Shortly after lunch, there was another break. Sky went outside to smoke (which is something we constantly fight about), and I ran up to the room sobbing. I sat in the bathroom and cried. I walked to the bed and cried. I decided I didn't want to go back or see anyone, so I locked the hotel room door and I cried and cried. After a few texts from Sky that I left unanswered, he pounded on the door. (For the record- yes, I was a total mess, and completely childish. I knew it then and I definitely know it now.) To make a long, embarrassing story short, I opened the door and told him I was not going back to the workshop. But after more crying, he talked me into walking downstairs.

On the way there, I stopped into a bathroom. I looked in the mirror and felt disgusted that I had already ruined the weekend, that our chance at a peaceful getaway was long gone. We won't get another chance to be away for months, maybe longer, and it was too late. When I walked out, there stood the chaplain next to Sky. "Would you like to talk a minute?" We sat in the hotel lobby, and he asked us what was going on. We gave him a 30 second briefing on the past year. He said we should try to come back. He told us that he has seen problems that are even worse. He prayed with us, and then coaxed us back.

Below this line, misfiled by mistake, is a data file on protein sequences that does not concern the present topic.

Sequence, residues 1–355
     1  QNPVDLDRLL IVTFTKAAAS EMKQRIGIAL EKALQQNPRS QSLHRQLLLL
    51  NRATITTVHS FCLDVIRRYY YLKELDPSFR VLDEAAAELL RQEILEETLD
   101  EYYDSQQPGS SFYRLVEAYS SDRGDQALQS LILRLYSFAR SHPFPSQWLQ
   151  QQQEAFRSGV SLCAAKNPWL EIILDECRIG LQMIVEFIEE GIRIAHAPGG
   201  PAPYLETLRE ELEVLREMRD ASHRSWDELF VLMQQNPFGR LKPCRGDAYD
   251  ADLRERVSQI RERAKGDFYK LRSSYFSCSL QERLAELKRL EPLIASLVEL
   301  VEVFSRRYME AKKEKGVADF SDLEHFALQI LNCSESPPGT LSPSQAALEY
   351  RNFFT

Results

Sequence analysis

As soon as we got back inside, the other speaker began talking about the very subject that is causing me so much pain, and once again, I lost it. Once the day was over, the chaplain apologized to me, saying he didn't know that topic was being discussed as he led us back. We went back to the hotel room, and I fell asleep from the pure exhaustion of being so emotional. I had no idea crying could take the life out of me so much.

When I woke up, I realized that we had missed the dinner that had been provided. The only thing we had in our room was a bag of chips I had brought from home. Here's the blunt truth that is embarrassing but part of our lives: we did not have money for another meal. We have around $50 on our food stamp card to get us to the end of this month, so even a trip to Walmart was out. We decided we should probably start eating even cheaper meals, like ramen noodles. We were still overdrawn and behind on bills whether we ate or not.